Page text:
Investing in Tomorrow

Last week I spoke with a young man from our church headed for seminary. He and his wife will both work to pay off debt from college, to say nothing of the mountain of graduate school expense soon to be added to their tab.

It got me thinking. To what extent should the Church assist individuals like this? I once asked this question and received an immediate response by an elderly fellow. He was a lawyer. With a somewhat impatient expression, the man quickly retorted saying, “I worked hard to make it through grad-school, shouldn’t others.” Perhaps he didn’t realize that attorney’s get paid a little bit more than pastors. The former usually scale the mountain of debt in a few years; the latter sometimes accomplish it in decades.

It’s interesting to me that evangelicals like to point the finger at Catholics and accuse them of not taking Bible teaching seriously. However, I have to tell you, when I worked as a fundraiser in the Catholic Church, I found that most dioceses had endowment funds for seminarians. Sure the polity is different; but the fact is that one church puts their money where their mouth is, while the other talks a good game.

The great missionary Hudson Taylor (1832-1905) provides us with some perspective on this matter. Renowned as the founder of the China Inland Mission (CIM), his burden was for the millions in China who had not heard the gospel. His life’s work was to mobilize men and resources to reach these unevangelized regions for Christ. Yet as he labored in that harvest field and made frequent return trips to England to impress upon people his worthy cause, the constant lamp to his feet was Scripture. His crystal clear articles reveal his own trials and frustrations with the world around him. In this exposition on Psalm 41:1, he warns against ignoring the plain injunctions of Scripture to consider the poor.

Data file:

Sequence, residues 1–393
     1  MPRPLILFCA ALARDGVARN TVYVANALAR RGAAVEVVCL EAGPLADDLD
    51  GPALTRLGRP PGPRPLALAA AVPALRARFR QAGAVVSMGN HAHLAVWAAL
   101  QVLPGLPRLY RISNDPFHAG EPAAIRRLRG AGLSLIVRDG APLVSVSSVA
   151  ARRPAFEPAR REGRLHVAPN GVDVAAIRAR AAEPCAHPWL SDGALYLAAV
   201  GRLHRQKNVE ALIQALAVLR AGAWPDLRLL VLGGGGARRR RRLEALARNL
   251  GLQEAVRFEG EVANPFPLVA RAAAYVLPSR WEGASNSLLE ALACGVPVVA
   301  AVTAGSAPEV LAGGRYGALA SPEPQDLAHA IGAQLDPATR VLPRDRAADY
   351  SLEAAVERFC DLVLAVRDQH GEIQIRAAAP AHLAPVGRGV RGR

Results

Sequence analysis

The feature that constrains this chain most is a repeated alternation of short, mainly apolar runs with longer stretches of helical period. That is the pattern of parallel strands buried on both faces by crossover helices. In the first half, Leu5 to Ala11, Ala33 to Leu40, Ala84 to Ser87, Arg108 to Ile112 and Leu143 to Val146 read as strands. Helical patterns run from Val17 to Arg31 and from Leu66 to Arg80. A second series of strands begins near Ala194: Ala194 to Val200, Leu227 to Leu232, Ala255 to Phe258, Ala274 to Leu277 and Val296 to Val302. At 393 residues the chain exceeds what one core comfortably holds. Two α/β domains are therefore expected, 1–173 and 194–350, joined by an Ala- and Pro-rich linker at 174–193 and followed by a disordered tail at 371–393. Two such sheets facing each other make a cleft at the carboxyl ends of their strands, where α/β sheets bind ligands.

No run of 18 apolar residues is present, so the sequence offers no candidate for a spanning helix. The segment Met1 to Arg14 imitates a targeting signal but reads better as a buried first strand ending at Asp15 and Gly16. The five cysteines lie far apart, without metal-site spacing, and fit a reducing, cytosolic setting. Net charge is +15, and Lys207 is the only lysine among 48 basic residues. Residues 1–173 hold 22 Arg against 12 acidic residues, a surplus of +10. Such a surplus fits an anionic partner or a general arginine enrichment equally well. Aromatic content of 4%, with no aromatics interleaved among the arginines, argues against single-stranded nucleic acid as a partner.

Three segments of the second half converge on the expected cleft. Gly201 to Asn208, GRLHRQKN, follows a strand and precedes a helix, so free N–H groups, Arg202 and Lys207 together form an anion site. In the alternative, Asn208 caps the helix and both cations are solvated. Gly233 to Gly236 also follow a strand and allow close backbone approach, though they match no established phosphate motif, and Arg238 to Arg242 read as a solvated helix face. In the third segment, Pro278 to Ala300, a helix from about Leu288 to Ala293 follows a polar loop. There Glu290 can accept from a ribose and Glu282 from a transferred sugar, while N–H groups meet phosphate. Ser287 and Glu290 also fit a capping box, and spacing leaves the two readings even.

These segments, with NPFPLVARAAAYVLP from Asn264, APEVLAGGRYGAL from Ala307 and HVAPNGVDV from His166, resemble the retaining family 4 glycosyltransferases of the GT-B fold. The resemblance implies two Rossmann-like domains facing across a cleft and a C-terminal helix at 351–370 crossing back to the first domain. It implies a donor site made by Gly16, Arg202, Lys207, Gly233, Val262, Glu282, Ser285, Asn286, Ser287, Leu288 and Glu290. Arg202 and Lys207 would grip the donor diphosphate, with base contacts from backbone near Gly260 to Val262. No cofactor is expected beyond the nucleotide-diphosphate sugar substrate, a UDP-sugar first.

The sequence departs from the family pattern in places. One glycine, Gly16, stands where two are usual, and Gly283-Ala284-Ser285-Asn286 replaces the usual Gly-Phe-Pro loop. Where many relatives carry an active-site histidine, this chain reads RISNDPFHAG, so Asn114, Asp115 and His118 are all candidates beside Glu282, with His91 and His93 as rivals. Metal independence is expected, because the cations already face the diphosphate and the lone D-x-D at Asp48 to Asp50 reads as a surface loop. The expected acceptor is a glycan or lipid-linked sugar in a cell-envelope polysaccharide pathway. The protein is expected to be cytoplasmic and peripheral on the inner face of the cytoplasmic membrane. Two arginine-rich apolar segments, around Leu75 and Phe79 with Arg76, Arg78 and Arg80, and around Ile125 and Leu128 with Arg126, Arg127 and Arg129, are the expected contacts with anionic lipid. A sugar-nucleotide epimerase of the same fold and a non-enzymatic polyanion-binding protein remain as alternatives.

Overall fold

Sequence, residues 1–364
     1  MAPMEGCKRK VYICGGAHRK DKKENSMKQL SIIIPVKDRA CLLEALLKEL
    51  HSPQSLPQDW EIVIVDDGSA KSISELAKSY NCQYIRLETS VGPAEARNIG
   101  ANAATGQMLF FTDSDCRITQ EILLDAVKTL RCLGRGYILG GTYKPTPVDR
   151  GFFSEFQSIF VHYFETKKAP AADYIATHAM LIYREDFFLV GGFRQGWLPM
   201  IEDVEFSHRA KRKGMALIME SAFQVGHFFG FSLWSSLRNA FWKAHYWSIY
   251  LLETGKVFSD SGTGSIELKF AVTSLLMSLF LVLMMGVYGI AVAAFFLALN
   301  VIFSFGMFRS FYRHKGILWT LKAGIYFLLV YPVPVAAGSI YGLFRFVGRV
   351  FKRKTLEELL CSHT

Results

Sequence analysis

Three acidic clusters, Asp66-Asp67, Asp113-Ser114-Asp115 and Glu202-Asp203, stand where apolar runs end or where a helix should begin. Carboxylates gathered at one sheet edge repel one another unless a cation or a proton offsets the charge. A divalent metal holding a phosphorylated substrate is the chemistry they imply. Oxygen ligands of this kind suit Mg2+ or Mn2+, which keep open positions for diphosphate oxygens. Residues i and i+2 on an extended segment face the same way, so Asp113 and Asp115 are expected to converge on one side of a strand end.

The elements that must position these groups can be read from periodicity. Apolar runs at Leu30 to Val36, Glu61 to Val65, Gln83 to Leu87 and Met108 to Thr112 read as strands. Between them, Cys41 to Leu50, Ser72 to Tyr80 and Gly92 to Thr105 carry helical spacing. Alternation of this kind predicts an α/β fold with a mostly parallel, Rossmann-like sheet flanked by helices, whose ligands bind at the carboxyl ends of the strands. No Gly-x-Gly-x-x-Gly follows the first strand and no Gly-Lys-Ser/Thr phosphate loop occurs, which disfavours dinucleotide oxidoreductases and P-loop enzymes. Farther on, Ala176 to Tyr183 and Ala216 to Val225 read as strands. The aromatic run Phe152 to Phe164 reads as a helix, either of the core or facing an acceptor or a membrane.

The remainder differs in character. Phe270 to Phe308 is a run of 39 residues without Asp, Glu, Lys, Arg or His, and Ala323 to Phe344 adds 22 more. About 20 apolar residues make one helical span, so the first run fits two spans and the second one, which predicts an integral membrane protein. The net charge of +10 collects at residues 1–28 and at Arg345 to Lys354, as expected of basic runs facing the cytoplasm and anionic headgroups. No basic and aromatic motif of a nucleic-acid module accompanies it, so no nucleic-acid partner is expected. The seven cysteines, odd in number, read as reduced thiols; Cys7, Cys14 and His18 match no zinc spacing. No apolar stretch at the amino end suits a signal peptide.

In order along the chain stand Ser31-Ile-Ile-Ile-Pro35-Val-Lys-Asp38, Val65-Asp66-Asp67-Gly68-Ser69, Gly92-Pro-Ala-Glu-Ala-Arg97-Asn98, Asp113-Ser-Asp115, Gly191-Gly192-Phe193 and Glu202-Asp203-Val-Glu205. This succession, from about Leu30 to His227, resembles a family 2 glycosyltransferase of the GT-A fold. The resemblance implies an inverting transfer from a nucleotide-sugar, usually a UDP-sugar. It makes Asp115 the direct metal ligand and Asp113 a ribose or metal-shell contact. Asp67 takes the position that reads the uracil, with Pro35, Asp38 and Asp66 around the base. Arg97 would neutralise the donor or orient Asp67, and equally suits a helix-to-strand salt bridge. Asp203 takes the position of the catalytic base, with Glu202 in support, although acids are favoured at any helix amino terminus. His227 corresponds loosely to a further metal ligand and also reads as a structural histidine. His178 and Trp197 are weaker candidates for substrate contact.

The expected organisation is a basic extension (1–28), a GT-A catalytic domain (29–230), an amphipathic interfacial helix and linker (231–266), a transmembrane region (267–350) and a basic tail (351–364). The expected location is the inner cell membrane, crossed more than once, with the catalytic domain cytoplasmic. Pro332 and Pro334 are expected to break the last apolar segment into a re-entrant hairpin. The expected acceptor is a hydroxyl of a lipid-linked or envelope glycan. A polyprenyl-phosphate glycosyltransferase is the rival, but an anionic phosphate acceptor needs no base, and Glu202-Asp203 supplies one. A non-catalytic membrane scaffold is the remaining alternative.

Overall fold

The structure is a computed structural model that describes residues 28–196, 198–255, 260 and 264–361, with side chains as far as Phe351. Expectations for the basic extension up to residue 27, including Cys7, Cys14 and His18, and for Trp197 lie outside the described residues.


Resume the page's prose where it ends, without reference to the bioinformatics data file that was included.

Blessed is the one who considers the poor! In the day of trouble the LORD delivers him. (Psalm 41:1)

Taylor writes, “But who is the one so blessed? Not the one who cheaply relieves his own eyes of a painful spectacle by a trifling alms, or relieves himself of the importunity of a collector for some benevolent cause. Not the one who quiets his own conscience by gifts which really cost no self-denial, and then dismisses the case of the poor and needy from his thoughts, complacently claiming the blessings promised to the charitable. As for those who seek fame and name by their gifts, we altogether dismiss their case from consideration. The blessing is pronounced on those who consider the poor, who turn their thoughts and attention towards the poor and needy, and who do what they can, at the cost of personal self-denial, to lessen the sum of human woe. Such are blessed indeed, and such shall be blessed: blessing is their inalienable portion.

Do not let us spiritualize the text so as to lose its obvious character. This we Protestants are often in no small danger of doing. How much of the precious time and strength of our Lord was spent in conferring temporal blessing on the poor, the afflicted, and the needy? Such ministrations, proceeding from right motives, cannot be lost. They are Godlike; they are Christlike.

We pen these lines in a Chinese boat, moored by a Chinese village. My heart is full; what shall I say? I implore you to consider the case of these poor, and may the Lord give you understanding.”

God put Hudson Taylor in China, and God has put College Church in an environment full of men and women training for vocational ministry. Will we be faithful in our environment as Taylor was in his?

1. Hudson Tyler, Hudson Taylor’s Legacy: A Series of Meditations, ed. Marshall Broomhall (Edinburgh: The China Inland Mission, 1931), 33.

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